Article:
Armenian genocide came before the Holocaust

Next year, 2015, will mark the 100th anniversary of the Turkish genocide in Armenia. Vilnius, the cultural and financial capital of Lithuania, known as Vilna in Yiddish, was run by the Russian tsars until 1914. During the First World War, Vilna was occupied by Germans. At the close of the War, it became the capital of the new free country of Lithuania.

The White House will display a controversial historical artifact known as the Armenian Orphan Rug. The rug was woven by Armenian orphans in the 1920s and presented to President Calvin Coolidge in 1925, in gratitude to the U.S. for aiding Armenians the 1915 genocide, in which 1 million to 1.5 million lost their lives. Armenian groups hope that the display of the artifact, will be accompanied by the official U.S. usage of the term “genocide” in discussion of the atrocities. To date, sensitive relations with modern Turkey have prevented such a designation. The rug was to have been exhibited at a Smithsonian Institution event in December, which was canceled when White House decided against releasing it.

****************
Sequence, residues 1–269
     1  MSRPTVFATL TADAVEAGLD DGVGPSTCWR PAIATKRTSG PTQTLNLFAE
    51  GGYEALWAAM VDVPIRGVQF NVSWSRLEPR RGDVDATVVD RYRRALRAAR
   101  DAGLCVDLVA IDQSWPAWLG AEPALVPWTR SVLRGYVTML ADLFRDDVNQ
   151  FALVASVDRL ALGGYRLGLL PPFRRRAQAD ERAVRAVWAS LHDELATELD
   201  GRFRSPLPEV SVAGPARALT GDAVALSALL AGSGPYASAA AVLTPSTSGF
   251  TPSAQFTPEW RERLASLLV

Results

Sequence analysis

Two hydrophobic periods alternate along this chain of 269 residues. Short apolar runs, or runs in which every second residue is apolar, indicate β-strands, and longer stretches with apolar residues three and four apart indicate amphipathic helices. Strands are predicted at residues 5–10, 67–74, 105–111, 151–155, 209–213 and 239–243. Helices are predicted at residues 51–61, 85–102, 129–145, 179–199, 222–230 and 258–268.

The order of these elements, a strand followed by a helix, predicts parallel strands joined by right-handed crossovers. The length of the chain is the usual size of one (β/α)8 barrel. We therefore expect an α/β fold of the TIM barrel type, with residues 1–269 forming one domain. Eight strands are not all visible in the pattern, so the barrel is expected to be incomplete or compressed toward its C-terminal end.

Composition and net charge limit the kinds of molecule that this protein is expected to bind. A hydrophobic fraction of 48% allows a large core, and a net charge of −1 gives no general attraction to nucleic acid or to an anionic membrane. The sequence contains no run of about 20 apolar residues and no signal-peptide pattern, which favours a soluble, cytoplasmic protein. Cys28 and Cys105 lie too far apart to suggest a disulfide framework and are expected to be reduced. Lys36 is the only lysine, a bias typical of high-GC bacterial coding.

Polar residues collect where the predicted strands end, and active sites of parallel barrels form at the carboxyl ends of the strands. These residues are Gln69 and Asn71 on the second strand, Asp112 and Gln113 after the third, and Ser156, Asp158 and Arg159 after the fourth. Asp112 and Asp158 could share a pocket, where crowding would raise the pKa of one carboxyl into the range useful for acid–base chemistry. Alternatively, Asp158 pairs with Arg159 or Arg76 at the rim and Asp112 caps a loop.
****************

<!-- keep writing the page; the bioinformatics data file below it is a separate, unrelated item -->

Partisans of Vilna chronicles the 20,000 to 30,000 Lithuanian and Polish Jews who fought in resistance to the holocaust that threatened their city in the early 1940’s. As ethnic cleansing is unfortunately still with us, it is hoped the conversation surrounding this cultural acquisition by the White House, will serve as a reminder that no genocide, whether suffered by Armenians, Native Americans, or Eastern European Jews, should be brushed under the proverbial rug.

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